The Heroic Masculinity Of 'Mad Max: Fury Road'

In a typically testosterone-heavy summer movie season, Mad Max: Fury Road stands out for its unapologetic feminist streak. Most obviously, this is manifested in the compelling female characters, and the (apparently, distressingly) radical notion that women are not property.

But the film has just as much to say about men — specifically what masculinity is, and what place it has in our society. At the center of the film are two types of masculinity: the toxic, destructive kind represented by Immortan Joe, and the healthy, productive kind represented by Max. The conflict between them drives the movie, and points a way forward for our world.

(Warning: Major spoilers follow for Mad Max: Fury Road.) 

Mad Max Fury Road - Rictus

Mad Max: Fury Road in Context

Mad Max: Fury Road arrives in a culture with contradictory views of masculinity. On the one hand, traditional masculinity is glorified. Our sports stars and political leaders are mostly men, and we worship at the altars of Ron Swanson and Captain America. Even toxic masculinity is admired, to an extent – it's what the entire wave of dark antihero prestige dramas was based on.

On the other, that same culture cautions us that traditional masculinity is dangerous. The underlying message of "boys will be boys," that hand-wave-y excuse for everything from petty crime to rape to violent assault, is that men just can't help themselves. And that when men don't help themselves, we get Elliot Rodger, Ray Rice, Gamergate, Steubenville.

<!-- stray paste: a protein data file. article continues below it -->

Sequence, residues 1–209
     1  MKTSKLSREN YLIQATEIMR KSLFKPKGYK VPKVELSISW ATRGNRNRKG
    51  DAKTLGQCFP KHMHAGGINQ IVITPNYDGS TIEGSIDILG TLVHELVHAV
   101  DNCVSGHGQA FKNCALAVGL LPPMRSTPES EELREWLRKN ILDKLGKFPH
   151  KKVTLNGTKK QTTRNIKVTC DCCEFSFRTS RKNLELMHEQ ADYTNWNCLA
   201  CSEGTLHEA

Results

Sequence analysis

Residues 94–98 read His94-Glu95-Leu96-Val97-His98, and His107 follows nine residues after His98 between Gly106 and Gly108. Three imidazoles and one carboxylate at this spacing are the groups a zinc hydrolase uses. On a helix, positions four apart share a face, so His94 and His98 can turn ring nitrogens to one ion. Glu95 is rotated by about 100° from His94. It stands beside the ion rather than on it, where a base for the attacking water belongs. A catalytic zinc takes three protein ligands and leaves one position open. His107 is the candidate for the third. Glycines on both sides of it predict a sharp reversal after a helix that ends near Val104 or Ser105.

Generally speaking, everyone agrees that heroism is good, and that rape and murder are bad. But on a specific, day-to-day level, it can be frustrating to figure out what role, exactly, masculinity should play in our society. Luckily, Mad Max: Fury Road offers a roadmap for the modern man.

Mad Max Fury Road - Immortan Joe & the War Boys

Heroic Masculinity vs. Toxic Masculinity

All of the major male characters in Mad Max: Fury Road are manly men, in every stereotypical sense. They're strong, silent types who are good at fixing engines, firing guns, and hitting people. What separates the good ones from the bad ones is what they use that masculine power for.

The villains use their strength to destroy and subjugate. A recurring refrain in the movie is "Who killed the world?" The answer is: bad men like Immortan Joe and his War Boys did. They treat women like property to be prized and machines to be used. They let the masses die of thirst, doling out just enough water to keep the survivors in their thrall.

The heroes, on the other hand, use their strength to support and build. Max and eventually Nux throw themselves into helping the escaped sex slaves, who just want to be treated like people. As the story goes on, when Max and Nux fight, it's to protect themselves, the people they care about, and the cause they're devoted to. When Immortan Joe and his War Boys do, it's because they're upset they cannot treat humans as property.

Toxic Masculinity vs. Men

It is immediately obvious that the toxic culture established by Immortan Joe is harmful for women, but Mad Max: Fury Road makes a point of showing us that it's no picnic for men, either. Nux and his War Boy brethren aren't enslaved like the women are, and they're entrusted with guns and cars. However, they're similarly treated as objects — as weapons and tools — rather than people.